...also, know the rules for your state and don't allow yourselves to be lied to by anyone. Voting does not take place on November 5th.
Make sure you know what's going on if your voting place has electronic voting machines; these things have been switching votes.
The following link has 8 really helpful tips to help your voting process easy, no matter who you're voting for.
(just copy and paste it in your browser. i can't get the hyperlinking thingy to work for some reason.)
*EDIT: Here are 3 very important points from that web address that I sited above.
"5. Find out what kind of voting machines are in your county.
Different states are using different voting systems, some for the first time. Find out what kinds of machines are being used in your state and county at Verifiedvoting.org. They can vary from county to county. The site's "verifier" tool also has contact information for county election officials -- names and numbers -- below the county voting machine information.
6. Find out what problems exist in your state.
There are many ways to find out what is happening in your state or county with voting, both before Election Day and on Election Day.
The election protection wiki site has an interactive map with the latest problems in your state. The VotersUnite.org Web site also has the latest election news by state where you can see if there are issues that might affect you, and it has a voting problems database that is searchable.
7. Call a lawyer if you experience problems while voting.
Voters should first ask poll workers for help if they experience a problem voting. If you make a mistake on a paper ballot, ask for anther ballot. If an electronic machine does not work, ask to use another machine or for a backup paper ballot. At most polling places there will a representative from the major political parties. Ask who they are if your problem isn't being solved.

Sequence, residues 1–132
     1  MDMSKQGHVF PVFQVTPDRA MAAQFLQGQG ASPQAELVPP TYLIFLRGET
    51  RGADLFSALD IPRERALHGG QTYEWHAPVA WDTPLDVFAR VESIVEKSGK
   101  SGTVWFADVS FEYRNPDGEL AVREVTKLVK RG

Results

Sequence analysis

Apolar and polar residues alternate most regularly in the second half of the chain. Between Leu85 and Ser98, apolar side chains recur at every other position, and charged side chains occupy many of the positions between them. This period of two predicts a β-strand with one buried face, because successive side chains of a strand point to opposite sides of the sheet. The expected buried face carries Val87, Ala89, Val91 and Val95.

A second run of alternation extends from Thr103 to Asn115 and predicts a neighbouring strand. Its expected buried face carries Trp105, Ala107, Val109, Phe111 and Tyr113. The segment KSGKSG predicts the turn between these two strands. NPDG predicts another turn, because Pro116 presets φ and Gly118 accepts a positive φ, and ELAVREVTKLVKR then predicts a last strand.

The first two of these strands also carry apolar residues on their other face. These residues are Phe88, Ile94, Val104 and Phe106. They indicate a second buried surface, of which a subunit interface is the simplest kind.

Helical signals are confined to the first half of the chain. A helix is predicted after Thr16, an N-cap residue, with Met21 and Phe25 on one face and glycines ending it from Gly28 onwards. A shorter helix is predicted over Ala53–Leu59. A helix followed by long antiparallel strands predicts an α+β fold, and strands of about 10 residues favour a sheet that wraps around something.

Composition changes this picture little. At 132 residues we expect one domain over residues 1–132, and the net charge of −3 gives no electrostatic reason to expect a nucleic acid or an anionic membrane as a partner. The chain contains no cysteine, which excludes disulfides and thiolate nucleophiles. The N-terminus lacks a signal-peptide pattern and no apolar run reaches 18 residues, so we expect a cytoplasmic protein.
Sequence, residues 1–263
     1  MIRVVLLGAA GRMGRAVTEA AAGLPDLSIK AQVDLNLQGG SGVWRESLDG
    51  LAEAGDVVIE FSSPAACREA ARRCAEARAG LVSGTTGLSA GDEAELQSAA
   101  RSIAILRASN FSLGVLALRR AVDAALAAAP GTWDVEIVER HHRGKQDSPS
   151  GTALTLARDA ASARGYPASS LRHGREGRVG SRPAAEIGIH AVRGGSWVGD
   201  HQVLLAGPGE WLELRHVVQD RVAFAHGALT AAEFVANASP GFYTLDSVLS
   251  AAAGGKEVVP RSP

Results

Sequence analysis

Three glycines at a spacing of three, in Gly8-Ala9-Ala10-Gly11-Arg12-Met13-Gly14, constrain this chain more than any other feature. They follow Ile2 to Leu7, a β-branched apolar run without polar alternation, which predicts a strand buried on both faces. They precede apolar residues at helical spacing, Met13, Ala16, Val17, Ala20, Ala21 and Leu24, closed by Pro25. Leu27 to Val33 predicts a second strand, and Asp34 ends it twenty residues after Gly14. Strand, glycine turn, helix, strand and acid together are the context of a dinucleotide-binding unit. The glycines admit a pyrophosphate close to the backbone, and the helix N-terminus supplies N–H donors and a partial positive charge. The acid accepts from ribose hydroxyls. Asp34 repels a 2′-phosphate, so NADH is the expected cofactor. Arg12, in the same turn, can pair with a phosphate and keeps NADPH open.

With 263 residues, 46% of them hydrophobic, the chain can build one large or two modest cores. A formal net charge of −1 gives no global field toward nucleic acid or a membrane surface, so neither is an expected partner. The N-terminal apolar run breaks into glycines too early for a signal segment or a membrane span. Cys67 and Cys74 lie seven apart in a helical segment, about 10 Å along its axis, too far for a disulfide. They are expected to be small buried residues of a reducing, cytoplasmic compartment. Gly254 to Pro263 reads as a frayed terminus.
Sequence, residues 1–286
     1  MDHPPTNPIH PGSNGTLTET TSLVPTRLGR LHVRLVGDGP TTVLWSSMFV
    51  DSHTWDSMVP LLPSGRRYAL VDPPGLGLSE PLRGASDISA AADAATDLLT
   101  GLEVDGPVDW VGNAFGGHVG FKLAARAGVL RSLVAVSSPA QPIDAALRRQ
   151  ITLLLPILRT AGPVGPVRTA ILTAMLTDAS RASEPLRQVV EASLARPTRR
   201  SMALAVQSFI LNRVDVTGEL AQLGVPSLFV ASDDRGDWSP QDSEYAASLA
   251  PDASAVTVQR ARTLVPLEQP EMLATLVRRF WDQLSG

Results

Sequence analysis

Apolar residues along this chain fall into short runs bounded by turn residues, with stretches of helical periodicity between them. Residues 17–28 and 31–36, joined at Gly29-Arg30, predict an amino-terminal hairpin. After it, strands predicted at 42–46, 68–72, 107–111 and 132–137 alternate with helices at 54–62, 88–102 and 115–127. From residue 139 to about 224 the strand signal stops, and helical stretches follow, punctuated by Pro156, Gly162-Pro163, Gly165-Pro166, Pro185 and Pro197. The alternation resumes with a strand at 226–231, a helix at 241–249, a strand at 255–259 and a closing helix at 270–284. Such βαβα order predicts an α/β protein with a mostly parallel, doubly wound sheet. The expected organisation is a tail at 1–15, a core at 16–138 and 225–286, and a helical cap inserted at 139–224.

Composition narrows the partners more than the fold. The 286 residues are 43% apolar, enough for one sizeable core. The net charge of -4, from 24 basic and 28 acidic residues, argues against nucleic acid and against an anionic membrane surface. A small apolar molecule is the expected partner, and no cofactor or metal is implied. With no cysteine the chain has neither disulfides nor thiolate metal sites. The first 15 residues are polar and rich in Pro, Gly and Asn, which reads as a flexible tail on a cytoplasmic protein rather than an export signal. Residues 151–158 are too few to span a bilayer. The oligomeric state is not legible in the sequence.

In the meantime, there are several state-of-the-art hot lines that will help any voter. The biggest is 1-866-OUR-VOTE (administered by the Lawyers' Committee for Civil Rights Under Law) and 1-888-Ve-Y-Vota (administered by the National Association of Latino Elected and Appointed Officials Educational Fund). These hot lines have legal staff that will answer questions in real time and give advice, regardless of political affiliation. They have 10,000 volunteer lawyers who will answer questions, log problems and take legal action if necessary. These election protection calls and problems are mapped at ourvotelive.org.
Another hot line that records people's complaints and then forwards the messages to local election offices and civil rights lawyers is 866-MY-VOTE-1. This service works with many AM radio stations targeting minority communities. Its toll-free number provides polling location information, registers and audio-archives voter complaints, and connects voters with election administration officials in an automated environment.
Remember when calling a hot line to leave your name and contact information. Voting rights attorneys can't follow up if they don't have that information."